Area:Singapore consists of one main island and 60 small islands about 137 km north of the Equator (latitude 1° 09’N and longitude 103° 38’E). It has a total land area of 647.5 square kilometers, of which almost half has been set aside as forest reserves, marsh and other non-built-up areas. Three reservoirs occupy the centre of the island. Almost half of the land (49.67 per cent) is for residential, commercial and industrial use. A mere 1.7 per cent, about 10.8 sq km, is for agriculture.
Climate:Depending on whom you ask, Singapore either has four seasons or no seasons. The four seasons are: hot, hotter, wet and wetter.
And no seasons because Singapore has a warm tropical climate with sunshine all year round–making it a good place to develop a perpetual tan. With the sea to further moderate fluctuations in temperature, Singapore’s weather is almost boringly consistent–between 32°C (90°F) for a high and 24°C (75°F) for a low. The lowest temperature ever recorded in Singapore was 20.5°C (69°F).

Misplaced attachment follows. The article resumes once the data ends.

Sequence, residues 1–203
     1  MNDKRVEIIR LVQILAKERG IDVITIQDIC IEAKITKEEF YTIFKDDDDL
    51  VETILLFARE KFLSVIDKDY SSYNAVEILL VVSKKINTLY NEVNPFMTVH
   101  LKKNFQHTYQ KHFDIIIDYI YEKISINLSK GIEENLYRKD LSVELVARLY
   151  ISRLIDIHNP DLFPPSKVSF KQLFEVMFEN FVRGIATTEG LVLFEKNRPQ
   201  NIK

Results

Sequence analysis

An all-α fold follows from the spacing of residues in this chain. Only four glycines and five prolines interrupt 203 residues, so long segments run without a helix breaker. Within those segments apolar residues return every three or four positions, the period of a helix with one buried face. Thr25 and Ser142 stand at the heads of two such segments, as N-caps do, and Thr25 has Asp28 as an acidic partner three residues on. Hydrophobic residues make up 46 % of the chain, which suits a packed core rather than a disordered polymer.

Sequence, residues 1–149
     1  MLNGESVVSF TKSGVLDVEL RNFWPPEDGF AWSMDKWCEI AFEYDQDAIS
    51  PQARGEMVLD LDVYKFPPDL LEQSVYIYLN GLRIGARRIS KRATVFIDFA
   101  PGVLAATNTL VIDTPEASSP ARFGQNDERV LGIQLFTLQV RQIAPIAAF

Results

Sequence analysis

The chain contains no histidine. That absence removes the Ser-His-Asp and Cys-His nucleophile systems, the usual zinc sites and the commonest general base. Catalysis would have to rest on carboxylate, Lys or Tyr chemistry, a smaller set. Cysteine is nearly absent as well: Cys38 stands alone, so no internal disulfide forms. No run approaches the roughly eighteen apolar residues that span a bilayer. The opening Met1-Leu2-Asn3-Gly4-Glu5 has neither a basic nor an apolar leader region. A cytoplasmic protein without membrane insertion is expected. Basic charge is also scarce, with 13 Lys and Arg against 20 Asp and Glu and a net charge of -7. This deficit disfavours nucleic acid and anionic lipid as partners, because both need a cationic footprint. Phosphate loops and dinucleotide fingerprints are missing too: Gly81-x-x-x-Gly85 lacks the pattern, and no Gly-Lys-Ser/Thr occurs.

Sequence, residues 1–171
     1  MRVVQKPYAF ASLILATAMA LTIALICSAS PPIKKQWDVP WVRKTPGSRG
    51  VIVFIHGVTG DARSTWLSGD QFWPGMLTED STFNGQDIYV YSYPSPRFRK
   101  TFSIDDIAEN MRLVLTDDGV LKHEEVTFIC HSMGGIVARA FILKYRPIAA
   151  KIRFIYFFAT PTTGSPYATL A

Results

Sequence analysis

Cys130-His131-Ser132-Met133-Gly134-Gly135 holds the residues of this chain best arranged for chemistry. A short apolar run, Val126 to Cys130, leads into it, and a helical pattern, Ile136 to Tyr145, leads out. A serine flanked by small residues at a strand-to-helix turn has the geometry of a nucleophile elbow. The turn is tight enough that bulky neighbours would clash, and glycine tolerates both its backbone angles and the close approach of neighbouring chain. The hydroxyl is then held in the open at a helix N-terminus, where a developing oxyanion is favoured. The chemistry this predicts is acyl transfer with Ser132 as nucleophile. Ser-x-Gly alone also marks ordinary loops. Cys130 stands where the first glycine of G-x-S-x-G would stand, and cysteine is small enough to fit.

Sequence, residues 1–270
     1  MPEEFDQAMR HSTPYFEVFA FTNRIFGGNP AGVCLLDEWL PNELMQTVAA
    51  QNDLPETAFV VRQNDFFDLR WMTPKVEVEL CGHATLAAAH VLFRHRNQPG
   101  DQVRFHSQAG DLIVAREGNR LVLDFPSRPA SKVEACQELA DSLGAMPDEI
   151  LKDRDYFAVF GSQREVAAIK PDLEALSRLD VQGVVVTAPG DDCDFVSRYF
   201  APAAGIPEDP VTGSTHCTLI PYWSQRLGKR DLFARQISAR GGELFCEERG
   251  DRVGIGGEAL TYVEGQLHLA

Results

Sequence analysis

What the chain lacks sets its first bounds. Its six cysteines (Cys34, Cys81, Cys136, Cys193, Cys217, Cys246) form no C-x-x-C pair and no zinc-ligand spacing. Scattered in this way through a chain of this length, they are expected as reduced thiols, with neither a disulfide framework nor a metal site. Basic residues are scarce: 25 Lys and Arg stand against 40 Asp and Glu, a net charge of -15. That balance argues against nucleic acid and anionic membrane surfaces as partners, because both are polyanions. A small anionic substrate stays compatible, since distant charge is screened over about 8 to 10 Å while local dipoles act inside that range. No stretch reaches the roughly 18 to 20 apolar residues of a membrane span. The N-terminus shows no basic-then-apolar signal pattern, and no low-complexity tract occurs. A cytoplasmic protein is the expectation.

Currency:The local currency is the Singapore dollar, SGD or S$ for short. One dollar is divided into 100 cents. All notes and coins are issued by the Board of Commissioners of Currency, Singapore (BCCS). The Singapore dollar and the Brunei dollar are accepted at par in each country under an Interchangeability Agreement, so don’t be surprised if you do get a note with a picture of the Sultan of Brunei.
Languages: Because of its multiracial makeup, Singapore recognizes four official languages: English, Mandarin, Malay and Tamil. English is the language of administration. Malay is the language in which the National Anthem in sung. In schools, children usually take English as the first language and one of the other 3 as a second language. For all intents and purposes, most conversations and business in Singapore are conducted in either English or Mandarin.
Singaporeans also speak a peculiar brand of English called “Singlish”. This local concoction mixes English with common phrases in the Chinese dialects (mostly Hokkien) and some Malay. The use of Singlish continues to be a popular topic of public debate. Purists and Anglophiles bemoan the loss of Queen’s English as they know it. Proponents of local culture say Singlish is one of the elements that gives Singaporeans their distinctive identity.